Friday, December 7, 2007

Not a smidge of temperature

Okay, this is the last time I will request this. If you or anyone you know is a nurse, PLEASE COMMENT OR EMAIL ME very, very soon with your advice for a new nurse. It will go in a little book I am making for my cousin's Christmas present. God, I miss throwing money at the task.

So, again, working on it this weekend. Any advice you'd give a new nurse. Or? Also? I guess if you aren't a nurse but have had good or bad experiences with one? You can tell me about that and I can add some what not to do/please do this advice.

I have only 37 pieces of advice but was really hoping for 100. Thanks!


Karen said...

I'm not a nurse - yet - but I am in nursing school. When talking to a resident during my externship this past summer, I asked him what the most important thing he'd learned thus far was. His words were: "The first rule of medicine is, if you don't poop, you die." And he's right. That's why it's important to always investigate when your patient's last bowel movement was. There, thought I'd share something useful...:-)

Linda .. the Aussie one! said...

Stan recently had to have three major surgeries and one thing that I was thankful for is the nursing staff in the ICU .. where he spent a few days .. they treated me with compassion and respect and responded to all of my requests and questions without hesitation. If I was giving your young nurse-to-be a tip it would be to remember to be compassionate while dealing with the family of the patient. Remember they are very concerned for the wellbeing of their loved one.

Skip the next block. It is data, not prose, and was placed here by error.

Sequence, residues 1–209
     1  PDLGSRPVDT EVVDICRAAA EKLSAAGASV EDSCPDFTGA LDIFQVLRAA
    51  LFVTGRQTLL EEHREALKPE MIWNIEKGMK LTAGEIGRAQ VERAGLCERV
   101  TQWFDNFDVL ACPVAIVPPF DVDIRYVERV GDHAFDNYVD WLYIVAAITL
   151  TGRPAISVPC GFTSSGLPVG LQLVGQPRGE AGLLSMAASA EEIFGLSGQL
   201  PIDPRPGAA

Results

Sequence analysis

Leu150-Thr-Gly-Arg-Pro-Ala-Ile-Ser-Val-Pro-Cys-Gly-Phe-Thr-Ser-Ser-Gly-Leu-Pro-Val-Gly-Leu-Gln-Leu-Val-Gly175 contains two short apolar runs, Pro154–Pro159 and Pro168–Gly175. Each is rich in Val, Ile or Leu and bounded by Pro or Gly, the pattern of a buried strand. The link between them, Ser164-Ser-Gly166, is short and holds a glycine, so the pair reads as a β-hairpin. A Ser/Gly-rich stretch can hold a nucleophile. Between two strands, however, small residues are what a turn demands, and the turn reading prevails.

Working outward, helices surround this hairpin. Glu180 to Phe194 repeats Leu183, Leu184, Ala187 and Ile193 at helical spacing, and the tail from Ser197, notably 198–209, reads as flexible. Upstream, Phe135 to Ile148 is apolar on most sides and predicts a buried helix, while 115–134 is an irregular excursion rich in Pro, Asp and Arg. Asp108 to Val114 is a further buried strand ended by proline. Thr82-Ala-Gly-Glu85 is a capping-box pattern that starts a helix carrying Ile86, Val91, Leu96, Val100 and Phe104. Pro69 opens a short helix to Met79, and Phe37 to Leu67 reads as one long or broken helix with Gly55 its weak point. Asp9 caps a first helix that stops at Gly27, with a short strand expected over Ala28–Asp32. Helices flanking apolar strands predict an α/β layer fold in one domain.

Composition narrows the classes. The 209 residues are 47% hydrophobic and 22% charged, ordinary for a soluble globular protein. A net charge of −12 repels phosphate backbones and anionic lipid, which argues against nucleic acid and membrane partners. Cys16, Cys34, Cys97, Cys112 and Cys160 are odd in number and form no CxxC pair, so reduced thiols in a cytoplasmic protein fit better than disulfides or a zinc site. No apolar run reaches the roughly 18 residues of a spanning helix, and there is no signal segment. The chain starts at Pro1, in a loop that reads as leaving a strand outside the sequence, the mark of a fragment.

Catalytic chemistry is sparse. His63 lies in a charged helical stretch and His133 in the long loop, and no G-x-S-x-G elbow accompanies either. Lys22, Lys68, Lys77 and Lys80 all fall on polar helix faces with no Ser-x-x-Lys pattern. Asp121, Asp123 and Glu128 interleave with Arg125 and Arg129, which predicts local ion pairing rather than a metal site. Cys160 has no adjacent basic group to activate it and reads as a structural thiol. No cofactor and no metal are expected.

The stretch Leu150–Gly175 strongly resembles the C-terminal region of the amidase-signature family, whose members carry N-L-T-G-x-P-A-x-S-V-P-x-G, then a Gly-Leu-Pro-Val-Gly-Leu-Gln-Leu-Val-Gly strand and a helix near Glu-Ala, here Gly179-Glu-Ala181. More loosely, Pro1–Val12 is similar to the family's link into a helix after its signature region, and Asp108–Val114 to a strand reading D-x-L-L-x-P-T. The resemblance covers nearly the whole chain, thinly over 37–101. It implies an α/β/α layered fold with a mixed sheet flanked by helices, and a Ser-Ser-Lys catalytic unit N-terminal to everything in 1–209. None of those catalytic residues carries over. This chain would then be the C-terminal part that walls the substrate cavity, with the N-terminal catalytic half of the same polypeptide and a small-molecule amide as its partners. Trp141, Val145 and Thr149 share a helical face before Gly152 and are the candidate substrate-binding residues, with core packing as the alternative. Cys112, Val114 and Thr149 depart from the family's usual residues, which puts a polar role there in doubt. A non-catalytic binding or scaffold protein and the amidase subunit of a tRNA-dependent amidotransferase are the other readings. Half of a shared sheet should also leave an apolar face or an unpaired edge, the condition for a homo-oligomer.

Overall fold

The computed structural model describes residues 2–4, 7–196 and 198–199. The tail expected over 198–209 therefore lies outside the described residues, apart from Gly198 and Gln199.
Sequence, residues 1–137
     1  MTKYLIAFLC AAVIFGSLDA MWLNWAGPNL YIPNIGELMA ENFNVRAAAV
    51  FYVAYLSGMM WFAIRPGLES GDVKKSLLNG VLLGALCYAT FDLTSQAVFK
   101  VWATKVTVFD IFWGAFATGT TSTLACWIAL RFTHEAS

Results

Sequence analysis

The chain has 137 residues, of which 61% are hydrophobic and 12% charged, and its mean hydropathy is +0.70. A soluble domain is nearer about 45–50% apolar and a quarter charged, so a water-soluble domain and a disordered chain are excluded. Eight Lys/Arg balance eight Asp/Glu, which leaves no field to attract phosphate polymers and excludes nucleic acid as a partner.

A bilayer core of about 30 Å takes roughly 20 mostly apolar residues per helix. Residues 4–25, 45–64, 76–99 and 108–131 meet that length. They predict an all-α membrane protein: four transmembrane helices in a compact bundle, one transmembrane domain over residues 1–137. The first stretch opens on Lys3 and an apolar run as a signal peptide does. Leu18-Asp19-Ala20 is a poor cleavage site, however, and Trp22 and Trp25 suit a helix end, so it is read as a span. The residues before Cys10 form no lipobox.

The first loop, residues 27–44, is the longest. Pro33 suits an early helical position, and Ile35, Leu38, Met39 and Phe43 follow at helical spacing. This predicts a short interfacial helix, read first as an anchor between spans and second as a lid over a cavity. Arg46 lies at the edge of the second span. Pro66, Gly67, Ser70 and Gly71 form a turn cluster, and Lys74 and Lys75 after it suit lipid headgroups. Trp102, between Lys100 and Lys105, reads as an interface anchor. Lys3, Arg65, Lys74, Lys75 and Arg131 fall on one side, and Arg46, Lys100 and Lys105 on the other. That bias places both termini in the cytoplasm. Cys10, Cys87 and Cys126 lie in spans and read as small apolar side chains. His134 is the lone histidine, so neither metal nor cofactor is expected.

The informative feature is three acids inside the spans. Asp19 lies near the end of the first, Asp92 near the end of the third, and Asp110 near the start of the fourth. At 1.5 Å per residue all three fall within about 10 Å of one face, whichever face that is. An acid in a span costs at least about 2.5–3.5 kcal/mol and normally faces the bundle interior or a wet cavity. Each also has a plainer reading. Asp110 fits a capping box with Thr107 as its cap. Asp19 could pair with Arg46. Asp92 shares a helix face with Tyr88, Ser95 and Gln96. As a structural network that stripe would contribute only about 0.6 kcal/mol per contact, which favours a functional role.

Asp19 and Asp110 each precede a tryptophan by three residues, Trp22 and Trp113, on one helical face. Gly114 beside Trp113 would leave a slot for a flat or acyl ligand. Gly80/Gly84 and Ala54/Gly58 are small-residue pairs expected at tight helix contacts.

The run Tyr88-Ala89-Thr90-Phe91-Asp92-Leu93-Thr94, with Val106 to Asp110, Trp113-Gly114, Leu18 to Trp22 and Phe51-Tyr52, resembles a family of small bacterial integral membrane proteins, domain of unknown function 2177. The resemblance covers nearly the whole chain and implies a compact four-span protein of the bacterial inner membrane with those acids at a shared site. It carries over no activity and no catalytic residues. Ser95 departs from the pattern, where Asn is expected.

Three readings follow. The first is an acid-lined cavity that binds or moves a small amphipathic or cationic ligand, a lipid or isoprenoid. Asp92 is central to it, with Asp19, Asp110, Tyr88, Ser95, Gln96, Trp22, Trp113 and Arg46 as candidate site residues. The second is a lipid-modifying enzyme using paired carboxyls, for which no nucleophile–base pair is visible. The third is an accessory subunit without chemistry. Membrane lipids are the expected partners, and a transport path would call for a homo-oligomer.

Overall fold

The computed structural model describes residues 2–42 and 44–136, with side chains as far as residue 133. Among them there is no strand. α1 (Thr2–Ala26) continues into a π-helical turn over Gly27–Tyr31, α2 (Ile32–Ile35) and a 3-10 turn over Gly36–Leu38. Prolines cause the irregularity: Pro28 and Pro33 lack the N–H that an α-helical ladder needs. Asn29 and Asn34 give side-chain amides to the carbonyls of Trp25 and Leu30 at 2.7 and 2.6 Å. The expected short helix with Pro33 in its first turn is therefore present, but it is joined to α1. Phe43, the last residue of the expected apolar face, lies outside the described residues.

mamacita said...

Don't know if this will help, but: When my dad was in the hospital in the seventies, he had an African nurse who had a pierced nose. That was back before piercings were commonplace. Anyway, my family has talked about that nurse for THIRTY YEARS. "Hey, you remember that nurse? The one with the pierced nose? Crazy!" So my advice is to be memorable -- let your personality come through. At least the family will be amused. A little personality and heart will make a bad time easier for everyone.

June Cutoff Cash said...

My cousin Katie used to HAVE a pierced nose, actually! I think it's gone now. Not her nose...

Anyway, that's good advice, thank you. And also? We have a lot of the same favorite movies. (Guess who went on your profile?)

kates said...